To our knowledge this is the first study examining primary prescription adherence with medications for obstructive lung disease in adults. It demonstrates robust primary adherence at 76%, which is higher than secondary adherence in adults with asthma of between 30 and 70%, and with COPD of between 40 and 60% . Poor medication adherence in adults with asthma and COPD has been associated with increased disease morbidity, mortality, higher healthcare costs, and reduced quality of life [2, 3, 6].
Depression was associated with reduced prescription adherence, in keeping with previous studies in both asthma and COPD [3, 7]. Studies have documented that prevalence of depression is twice as high among adults with obstructive pulmonary disease . Depression has been independently linked with poorer health outcomes and reduced quality of life, both of which could compound prescription nonadherence .
Certain age groups were associated with prescription non-adherence (18–44 years and 65–74 years). Further studies are required to validate these findings to determine if this association is consistent in other settings.
Previous studies have documented a higher income quintile/increased socioeconomic status to increase the rate of medication adherence . In contrast, this study demonstrated lower income quintiles to be associated with increased prescription adherence. While typically lower income reduces access to health care and affordability of medications, Manitoba has means tested pharmaceutical coverage. Our data did not include drug insurance claims data, so we were unable to fully describe the impact of medication coverage.
Medical complexity increased the risk of prescription nonadherence. Medical comorbidities is relatively consistently associated with medication nonadherence [6, 7, 9]. Possible solutions to improve prescription adherence in medically complex patients include ensuring patients understand the importance of not treating one condition at the detriment of another, and improved patient education both in a medical facility and in pharmacies .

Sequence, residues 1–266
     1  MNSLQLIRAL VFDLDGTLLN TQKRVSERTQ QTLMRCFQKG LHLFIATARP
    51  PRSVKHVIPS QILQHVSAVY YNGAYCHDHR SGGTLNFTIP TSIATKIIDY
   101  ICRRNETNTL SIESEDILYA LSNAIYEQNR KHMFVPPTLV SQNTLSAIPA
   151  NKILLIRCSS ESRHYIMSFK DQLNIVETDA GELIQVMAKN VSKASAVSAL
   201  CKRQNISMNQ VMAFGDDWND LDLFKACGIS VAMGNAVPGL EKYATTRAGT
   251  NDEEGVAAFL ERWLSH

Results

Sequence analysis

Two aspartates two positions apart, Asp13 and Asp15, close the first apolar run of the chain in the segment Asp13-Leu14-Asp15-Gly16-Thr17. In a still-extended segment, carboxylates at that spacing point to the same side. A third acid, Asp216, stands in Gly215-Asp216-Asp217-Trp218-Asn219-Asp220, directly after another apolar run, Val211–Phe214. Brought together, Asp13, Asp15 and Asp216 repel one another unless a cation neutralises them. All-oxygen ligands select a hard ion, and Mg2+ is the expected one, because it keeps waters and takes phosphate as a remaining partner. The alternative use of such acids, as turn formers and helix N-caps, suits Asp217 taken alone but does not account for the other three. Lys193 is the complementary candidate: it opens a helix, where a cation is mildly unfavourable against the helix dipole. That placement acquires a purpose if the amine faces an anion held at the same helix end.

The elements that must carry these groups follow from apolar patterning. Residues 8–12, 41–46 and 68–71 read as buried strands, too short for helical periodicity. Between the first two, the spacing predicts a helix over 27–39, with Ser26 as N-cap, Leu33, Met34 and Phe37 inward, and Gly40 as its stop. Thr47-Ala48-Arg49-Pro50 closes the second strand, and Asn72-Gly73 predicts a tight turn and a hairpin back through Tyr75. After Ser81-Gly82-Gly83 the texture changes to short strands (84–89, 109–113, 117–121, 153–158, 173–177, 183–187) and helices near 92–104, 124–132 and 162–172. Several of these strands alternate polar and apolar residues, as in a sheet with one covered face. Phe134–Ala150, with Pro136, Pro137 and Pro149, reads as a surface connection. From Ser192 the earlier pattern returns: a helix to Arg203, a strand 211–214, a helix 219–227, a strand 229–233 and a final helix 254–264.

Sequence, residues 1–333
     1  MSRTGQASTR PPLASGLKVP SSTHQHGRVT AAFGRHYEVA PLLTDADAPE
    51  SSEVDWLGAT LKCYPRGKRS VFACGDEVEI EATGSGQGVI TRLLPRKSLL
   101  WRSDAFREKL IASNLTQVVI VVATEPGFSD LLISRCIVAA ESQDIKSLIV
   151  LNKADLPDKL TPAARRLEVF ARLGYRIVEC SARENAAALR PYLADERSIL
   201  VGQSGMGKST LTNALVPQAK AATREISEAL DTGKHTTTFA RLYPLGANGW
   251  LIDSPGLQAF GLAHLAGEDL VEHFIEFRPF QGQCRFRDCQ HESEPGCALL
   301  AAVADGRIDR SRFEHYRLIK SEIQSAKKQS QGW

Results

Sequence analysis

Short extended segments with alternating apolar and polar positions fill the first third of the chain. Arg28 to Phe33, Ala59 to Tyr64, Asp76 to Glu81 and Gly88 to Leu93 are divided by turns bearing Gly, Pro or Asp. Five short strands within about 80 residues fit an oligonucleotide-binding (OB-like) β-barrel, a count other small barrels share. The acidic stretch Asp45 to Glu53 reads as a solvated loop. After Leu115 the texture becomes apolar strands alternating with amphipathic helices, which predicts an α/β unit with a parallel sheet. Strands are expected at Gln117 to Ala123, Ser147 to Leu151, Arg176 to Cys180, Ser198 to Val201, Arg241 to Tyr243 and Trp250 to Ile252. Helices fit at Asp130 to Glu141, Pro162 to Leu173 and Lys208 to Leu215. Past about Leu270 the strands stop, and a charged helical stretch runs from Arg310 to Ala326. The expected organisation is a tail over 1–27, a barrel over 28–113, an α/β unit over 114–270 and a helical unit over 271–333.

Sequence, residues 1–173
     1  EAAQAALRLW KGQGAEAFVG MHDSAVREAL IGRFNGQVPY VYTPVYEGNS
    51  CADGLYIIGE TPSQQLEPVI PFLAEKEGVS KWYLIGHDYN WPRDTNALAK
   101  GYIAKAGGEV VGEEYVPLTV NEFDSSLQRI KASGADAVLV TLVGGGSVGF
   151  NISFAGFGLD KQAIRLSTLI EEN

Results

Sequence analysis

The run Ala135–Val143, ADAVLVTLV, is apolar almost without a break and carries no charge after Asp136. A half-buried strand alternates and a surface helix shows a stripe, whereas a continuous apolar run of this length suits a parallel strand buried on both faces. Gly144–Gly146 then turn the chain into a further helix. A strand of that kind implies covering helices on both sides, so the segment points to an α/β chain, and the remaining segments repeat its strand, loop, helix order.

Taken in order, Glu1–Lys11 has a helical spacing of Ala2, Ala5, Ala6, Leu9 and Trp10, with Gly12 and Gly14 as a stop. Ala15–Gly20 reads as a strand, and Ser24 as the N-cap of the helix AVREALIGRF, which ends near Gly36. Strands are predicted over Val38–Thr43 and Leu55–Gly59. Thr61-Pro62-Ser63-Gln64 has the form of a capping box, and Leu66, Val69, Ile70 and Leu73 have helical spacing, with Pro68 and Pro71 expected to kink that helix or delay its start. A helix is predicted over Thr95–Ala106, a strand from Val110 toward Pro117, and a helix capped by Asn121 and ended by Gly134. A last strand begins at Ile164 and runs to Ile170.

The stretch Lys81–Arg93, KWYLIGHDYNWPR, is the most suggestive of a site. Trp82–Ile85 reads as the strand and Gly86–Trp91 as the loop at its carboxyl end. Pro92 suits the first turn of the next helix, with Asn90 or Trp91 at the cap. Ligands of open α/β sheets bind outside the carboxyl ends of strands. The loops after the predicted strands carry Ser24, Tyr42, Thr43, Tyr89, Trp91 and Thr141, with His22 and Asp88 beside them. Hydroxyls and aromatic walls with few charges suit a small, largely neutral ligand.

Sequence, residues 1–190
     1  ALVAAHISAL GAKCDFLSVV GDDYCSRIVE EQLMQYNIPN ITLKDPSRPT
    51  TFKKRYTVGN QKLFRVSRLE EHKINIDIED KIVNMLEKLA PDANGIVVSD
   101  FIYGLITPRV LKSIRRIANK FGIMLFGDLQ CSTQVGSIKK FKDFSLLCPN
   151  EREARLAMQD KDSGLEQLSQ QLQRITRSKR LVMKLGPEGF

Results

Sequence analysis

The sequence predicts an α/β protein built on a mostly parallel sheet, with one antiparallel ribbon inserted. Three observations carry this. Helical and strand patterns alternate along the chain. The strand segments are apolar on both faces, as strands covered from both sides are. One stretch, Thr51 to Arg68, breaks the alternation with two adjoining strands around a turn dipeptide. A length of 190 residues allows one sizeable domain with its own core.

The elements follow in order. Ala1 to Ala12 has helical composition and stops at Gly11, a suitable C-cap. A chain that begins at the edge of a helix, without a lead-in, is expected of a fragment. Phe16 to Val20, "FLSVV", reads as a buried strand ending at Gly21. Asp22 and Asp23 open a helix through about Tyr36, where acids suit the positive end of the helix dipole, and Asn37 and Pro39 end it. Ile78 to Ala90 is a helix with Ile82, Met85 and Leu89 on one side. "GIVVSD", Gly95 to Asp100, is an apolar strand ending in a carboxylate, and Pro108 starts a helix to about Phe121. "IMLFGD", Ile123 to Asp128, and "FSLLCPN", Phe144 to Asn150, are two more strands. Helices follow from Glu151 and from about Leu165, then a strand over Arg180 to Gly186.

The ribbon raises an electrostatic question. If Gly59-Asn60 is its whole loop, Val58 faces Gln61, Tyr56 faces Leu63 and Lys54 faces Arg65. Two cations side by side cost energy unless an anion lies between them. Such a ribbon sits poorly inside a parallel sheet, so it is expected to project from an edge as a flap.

While ≥ 3 ED visits in the prior year increased the likelihood of prescription adherence, other measures of possible lung disease severity including 1–2 ED visits in the previous year, number of ambulatory visits in the previous year, and number of hospitalizations in the previous year did not increase prescription adherence. Medication adherence in asthma and COPD have been associated with a reduced risk of exacerbations [2, 3], and reverse causation is possible whereby reduced prescription adherence led to an increased likelihood of exacerbations, although the reasons for the ED visits and hospitalizations were not captured in the database. Another possible explanation is poor perception of disease, higher medical complexity, or reduced access to medications, among those at higher risk.
A limitation of our retrospective analysis is that our study population is from a single Canadian province, which may affect external validity. We did not capture medications prescribed by specialists (e.g., pulmonologists), from whom primary adherence rates may be different. As a result of these limitations, it is possible that primary adherence is underestimated. Race/ethnicity, smoking status, health literacy, and level of education were not measured and are possible confounders. A further limitation is that the data cannot separate out whether this medication was prescribed for COPD versus asthma, or for another reason (such as viral infection), nor can we ascertain disease severity and its impact on adherence. We also cannot ascertain whether samples of medications may have been provided. In addition, some who do not meet criteria for pharmaceutical coverage may still find the cost of medications to be a significant barrier to adherence.
In conclusion, this study provides important insights about factors associated with prescription nonadherence and is the first study examining primary medication adherence with medications for obstructive lung disease in adults.